What Is The Legal Difference Between A Title And A Deed?

legal title, legal deed, San Antonio real estate, real estate law

In the world of real estate law, the terminology can be confusing. Titles and deeds are two terms that are very common when buying or selling a home. It is essential to understand the legality and meaning of both words.

Dan Burke Law strives to help with your San Antonio real estate needs. Read ahead to learn the difference between a title and a deed.

What Is A Legal Title?

A legal title grants property ownership to the person holding the title. When holding a title, you gain legal rights to a home or other property. The holder can sell or change the property to their liking, as long as the property regulations are followed.

Title Searches

Before selling a property, the title must be free of any defects. Potential buyers wish to avoid any debts associated with an estate. In order to do this, title searches are performed to check for issues.

A few common title defects include:

  • · Unknown liens
  • · Improper title transfer
  • · Boundary or survey disputes
  • · Unpaid taxes
  • · Errors in public records


The property is marketable once the title becomes clear of any defects.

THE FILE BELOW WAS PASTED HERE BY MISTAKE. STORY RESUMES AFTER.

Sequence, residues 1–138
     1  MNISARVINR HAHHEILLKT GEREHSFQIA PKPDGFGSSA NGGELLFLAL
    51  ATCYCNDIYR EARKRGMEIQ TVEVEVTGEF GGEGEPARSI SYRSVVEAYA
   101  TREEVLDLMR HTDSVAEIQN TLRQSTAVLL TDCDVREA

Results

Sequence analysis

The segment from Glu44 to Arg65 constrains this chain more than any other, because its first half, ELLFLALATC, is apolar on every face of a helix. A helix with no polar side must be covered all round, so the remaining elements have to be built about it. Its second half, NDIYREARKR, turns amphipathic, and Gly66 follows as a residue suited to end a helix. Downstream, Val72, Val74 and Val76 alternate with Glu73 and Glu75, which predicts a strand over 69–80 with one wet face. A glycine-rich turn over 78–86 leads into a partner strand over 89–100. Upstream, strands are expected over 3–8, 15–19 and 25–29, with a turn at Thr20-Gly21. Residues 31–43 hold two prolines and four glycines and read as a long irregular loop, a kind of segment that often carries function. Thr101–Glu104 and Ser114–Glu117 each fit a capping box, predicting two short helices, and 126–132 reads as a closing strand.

Title Abstract

Data is collected during the title search and put into the title abstract. The abstract documents the history and any records of the property. Ultimately, it deems if a person has the right to sell the property.

What Is A Legal Deed?

A legal deed is a physical document that transfers a property title from one person to another. The grantor signs the contract, agreeing to sell or transfer the property rights. The new owner takes possession of the property rights and is known as the grantee.

The deed legally documents the transferring of the title. Both parties must sign the document in order for it to be complete. It also must be notarized and entered into the public record to avoid becoming “imperfect.”

Deed Requirements

Each state has a series of different requirements for legal deeds. At a minimum, all documents need a title stating the type of deed. They also include the names of the grantor and grantee.

The document should also contain a formal and detailed description of the property. An acknowledgement by a notarial officer is also included to prove its legal validity.

While a deed is not required to be filed with the local government, it can help to avoid any issues or delays in the future.

Forged And Fraudulent Deeds

Creating a false document or altering one with incorrect details is a criminal offense. People will often pose as grantors, selling the property to an innocent third party. Anyone can be a victim of deed fraud.

It is important to take precautions to prevent forgery. Paying attention to incoming bills and monitoring your credit reports can help keep your deed safe. Regularly checking your property deed status also helps stop non-permissible changes.

Contact Us!

At Dan Burke Law, we aim to alleviate the stresses that come with buying or selling your property. If you have questions on your title or your property’s deed, give us a call today to discuss your next steps!


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